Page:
The final session was Beyond Basic TDD, where the essence boils down to TDD having a marketing message that design will just evolve, despite Kent Beck admitting that might not always be the case (i.e.: if you've got people with good design sense, no methodology will prevent them from writing well designed code). There should be more focus on teaching programmers about design. Gojko took over from there to facilitate the discussion around what can be done to bring those familiar with TDD basics to the next level, I have to admit I've become quite exhausted by this session, something to keep in mind next time when organizing sessions around a whiteboard.
Overall, it was great fun, it was good to bounce ideas off from people, chat with random ones, and to talk with people known only from twitter. The one thing I regret is that I had to skip the after event pubbing (first evening I was just way too tired, while Saturday evening I was catching up with some friends living in London). Next time I'll try to allocate one more day for the trip, because the hallway conversations were great during the event, and I would be surprised if they were any worse in the pub.
Sunday, October 31, 2010
[Scope section was updated based on @ljszalai's comment on twitter]
Friday, October 22, 2010
- there is a recognized problem (that can be solved by tooling)
- the impact of the tool is large enough to warrant an evaluation
- there is commitment to get a tool
- the potential tools have been narrowed down to a reasonable number of candidates
Jason Yip has a good post on criteria for evaluating Off-The-Shelf-Software
Updates: posts that I've found after publishing this piece that deal with the same topic, but just some other aspects.
Sunday, October 10, 2010
Sunday, September 26, 2010
Why would you use multiple platforms, or do a polyglot project?
- For a portfolio of applications in the same domain, there is a need for consistency - e.g.: reference data catalog for input fields (you want to use the same terminology across the applications)
- There can be similar logic applicable to different platforms - e.g.: some static code analysis is the same across platforms, whether or not we talk about Java or C# code, and it'd be nice to have just a single implementation.
- Diversity vs. monoculture. The library becomes a single point of failure, and any bug has far reaching consequences. On the other hand, the reverse is true: any problem has to be fixed only once, and the benefits can be reaped by all that use the library. However, there might be fewer people looking at the shared domain for corner cases...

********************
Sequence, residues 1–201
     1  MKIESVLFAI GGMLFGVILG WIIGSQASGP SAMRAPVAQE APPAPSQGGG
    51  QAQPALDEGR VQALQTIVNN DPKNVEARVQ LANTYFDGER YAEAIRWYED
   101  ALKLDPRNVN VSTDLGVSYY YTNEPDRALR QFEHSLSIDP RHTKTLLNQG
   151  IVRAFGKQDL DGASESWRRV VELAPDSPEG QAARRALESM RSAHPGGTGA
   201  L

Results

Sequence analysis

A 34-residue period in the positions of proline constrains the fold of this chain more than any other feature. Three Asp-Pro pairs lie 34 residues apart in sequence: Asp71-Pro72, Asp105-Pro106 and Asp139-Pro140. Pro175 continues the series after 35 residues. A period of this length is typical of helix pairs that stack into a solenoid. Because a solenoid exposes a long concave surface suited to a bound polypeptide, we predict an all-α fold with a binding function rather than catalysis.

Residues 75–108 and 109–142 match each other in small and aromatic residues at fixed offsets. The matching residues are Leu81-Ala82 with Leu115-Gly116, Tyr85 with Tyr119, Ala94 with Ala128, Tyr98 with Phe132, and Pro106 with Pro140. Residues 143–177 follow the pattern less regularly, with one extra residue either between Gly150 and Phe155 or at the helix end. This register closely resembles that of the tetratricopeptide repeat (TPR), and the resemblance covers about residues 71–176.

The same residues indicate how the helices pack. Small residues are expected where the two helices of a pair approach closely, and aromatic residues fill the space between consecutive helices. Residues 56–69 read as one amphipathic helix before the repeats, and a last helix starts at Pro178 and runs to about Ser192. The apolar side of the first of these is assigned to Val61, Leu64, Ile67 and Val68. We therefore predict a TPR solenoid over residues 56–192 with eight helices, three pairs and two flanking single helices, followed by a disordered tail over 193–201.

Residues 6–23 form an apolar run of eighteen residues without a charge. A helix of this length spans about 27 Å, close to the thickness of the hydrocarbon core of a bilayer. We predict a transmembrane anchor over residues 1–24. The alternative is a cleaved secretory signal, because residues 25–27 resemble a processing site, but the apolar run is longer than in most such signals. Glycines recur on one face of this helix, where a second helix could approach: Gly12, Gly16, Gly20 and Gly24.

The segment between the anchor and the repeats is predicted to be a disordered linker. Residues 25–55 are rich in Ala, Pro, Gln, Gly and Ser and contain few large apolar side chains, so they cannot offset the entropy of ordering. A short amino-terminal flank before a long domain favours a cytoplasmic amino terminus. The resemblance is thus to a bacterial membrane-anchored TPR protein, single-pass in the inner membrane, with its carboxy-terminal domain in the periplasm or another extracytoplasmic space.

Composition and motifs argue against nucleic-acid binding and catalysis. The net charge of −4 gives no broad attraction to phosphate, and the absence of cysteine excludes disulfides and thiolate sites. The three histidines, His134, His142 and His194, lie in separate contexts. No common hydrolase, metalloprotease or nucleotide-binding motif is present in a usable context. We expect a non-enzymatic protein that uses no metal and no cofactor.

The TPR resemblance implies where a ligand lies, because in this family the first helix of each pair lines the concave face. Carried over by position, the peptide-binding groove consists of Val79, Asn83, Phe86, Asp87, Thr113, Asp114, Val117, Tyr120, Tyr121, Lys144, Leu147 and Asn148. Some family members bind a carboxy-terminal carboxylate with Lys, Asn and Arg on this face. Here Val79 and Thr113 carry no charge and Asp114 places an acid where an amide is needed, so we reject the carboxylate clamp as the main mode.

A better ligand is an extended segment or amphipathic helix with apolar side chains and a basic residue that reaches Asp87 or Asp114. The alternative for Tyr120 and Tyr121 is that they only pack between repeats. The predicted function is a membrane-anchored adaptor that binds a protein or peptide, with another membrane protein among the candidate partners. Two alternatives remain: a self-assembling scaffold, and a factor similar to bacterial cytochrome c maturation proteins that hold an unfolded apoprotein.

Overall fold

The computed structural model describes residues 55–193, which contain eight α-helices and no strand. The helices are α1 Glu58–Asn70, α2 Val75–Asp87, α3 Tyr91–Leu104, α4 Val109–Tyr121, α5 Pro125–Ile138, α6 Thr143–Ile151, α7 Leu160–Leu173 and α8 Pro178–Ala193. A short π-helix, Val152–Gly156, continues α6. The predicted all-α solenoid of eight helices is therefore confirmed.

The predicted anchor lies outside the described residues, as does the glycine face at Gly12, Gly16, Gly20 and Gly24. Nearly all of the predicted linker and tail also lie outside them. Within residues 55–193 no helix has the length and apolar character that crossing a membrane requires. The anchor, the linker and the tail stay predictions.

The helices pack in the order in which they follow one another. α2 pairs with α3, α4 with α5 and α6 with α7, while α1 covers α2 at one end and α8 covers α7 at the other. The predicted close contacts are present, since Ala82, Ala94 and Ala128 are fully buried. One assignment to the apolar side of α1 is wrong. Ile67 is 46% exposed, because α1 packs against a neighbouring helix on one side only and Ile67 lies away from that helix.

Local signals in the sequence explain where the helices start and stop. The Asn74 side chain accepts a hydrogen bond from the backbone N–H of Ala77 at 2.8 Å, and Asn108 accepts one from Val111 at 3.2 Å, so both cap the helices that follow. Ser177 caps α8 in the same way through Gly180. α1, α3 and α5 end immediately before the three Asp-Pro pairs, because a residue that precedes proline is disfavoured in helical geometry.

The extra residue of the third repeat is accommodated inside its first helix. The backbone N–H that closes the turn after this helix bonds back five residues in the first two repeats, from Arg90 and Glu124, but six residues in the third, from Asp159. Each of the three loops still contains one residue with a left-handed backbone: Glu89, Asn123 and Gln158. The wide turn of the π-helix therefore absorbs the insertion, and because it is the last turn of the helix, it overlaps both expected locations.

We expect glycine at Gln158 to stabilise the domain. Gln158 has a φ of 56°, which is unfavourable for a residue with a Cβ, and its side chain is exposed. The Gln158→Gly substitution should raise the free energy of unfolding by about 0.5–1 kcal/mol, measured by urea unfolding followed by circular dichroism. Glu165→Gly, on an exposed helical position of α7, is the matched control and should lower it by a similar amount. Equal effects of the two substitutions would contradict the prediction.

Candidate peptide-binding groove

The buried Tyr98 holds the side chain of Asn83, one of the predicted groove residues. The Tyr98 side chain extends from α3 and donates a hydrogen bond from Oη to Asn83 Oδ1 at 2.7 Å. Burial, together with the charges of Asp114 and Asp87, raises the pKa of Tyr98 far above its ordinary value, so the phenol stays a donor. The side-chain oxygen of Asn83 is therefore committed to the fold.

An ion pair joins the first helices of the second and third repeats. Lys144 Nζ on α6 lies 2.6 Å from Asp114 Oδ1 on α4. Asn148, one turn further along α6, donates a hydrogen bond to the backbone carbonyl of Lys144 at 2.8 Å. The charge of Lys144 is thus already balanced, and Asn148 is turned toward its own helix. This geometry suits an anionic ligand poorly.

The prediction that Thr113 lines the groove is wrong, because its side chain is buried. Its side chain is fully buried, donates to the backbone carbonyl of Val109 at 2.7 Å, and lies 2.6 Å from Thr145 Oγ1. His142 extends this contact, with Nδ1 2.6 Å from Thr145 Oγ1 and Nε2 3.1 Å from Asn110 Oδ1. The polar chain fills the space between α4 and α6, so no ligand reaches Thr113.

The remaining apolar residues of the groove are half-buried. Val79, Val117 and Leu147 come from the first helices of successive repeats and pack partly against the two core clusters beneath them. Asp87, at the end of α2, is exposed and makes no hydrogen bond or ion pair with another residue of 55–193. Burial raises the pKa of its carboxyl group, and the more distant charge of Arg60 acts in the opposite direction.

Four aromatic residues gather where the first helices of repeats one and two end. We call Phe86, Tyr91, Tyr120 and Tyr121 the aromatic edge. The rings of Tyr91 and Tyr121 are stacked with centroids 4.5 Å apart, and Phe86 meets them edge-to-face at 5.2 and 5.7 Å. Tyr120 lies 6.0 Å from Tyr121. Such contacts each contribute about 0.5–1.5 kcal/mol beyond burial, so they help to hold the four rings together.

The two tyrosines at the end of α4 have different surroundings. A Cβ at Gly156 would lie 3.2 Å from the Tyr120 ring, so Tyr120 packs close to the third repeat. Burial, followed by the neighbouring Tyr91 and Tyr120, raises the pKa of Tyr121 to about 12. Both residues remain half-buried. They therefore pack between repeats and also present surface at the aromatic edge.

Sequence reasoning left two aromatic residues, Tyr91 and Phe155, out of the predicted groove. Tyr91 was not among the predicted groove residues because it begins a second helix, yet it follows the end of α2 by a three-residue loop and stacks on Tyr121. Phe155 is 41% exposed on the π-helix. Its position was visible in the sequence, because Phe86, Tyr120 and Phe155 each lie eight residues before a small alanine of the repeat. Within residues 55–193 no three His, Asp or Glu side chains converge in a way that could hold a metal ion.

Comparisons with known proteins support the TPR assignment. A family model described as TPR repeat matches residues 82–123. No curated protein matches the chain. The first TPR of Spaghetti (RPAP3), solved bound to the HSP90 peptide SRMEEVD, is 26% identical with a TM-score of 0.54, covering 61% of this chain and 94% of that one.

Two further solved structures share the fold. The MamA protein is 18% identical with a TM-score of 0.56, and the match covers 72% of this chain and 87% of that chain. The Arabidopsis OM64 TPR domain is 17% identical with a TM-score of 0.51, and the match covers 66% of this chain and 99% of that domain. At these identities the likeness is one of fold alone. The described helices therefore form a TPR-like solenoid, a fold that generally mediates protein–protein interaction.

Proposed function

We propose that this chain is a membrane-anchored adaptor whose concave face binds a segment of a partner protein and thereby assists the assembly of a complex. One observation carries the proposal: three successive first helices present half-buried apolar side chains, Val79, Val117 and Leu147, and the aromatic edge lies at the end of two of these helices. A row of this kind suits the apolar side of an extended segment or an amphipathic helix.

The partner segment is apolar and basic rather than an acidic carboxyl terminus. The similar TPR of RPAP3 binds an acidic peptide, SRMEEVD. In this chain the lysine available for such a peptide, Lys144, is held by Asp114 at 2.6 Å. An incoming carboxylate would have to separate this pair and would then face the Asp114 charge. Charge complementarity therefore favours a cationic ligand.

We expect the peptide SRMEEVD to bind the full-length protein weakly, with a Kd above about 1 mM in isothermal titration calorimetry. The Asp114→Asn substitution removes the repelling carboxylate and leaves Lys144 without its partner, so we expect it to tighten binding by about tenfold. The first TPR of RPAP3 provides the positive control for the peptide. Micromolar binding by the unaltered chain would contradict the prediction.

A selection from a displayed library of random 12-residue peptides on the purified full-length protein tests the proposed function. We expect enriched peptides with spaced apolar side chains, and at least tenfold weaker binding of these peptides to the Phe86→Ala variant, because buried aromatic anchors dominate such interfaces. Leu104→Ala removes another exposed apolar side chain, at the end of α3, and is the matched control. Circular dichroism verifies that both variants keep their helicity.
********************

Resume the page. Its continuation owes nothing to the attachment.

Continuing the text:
- Shared dependency overhead - shared libraries can slow down development both for the clients of the library and the library itself. Processes for integration must be in place, etc. Gojko Adzic has a great post on shared library usage.
- False sense of security - users of the library might assume that's all they need to do and not think through every problem so carefully. E.g.: DTO validation library might be confused with entity/business rules validation
- Ayende has recently written a post about Maintainability, Code Size & Code Complexity that is (slightly) relevant to this discussion ("The problem with the smaller and more complex code base is that the complexity tends to explode very quickly."). In my reading the points are more applicable for the data-driven (or from there code generated) approach, where that smart framework becomes overly complex and fragile. Note he talks about a single application, and it's known that when dealing with a portfolio (NHProf, EFProf, etc.), he chose to use a single base infrastructure.
Monday, August 30, 2010
1. or open source projects
Thursday, August 19, 2010
- Specifications. I'm not the first to suggest this, acceptance testing, tools, and books have been around, but haven't caught on yet. I've been introduced to this concept by Gojko Adzic, and I can recommend his past talks/videos or books for getting started on this topic.
- New developer getting started instructions. In addition to local machine setup (though the approach Tamas Sipos described of using virtual machines per project is even better than scripting it), this usually includes gaining access to all sorts of different file shares, web services, machines, databases, mapping them to proper local names, and so forth. This is usually presented in the form of list, where you actually copy-paste it into the command line. There is no reason this couldn't be scripted. Mirroring access from an existing developer is sometimes easier than keeping the setup scripts up to date.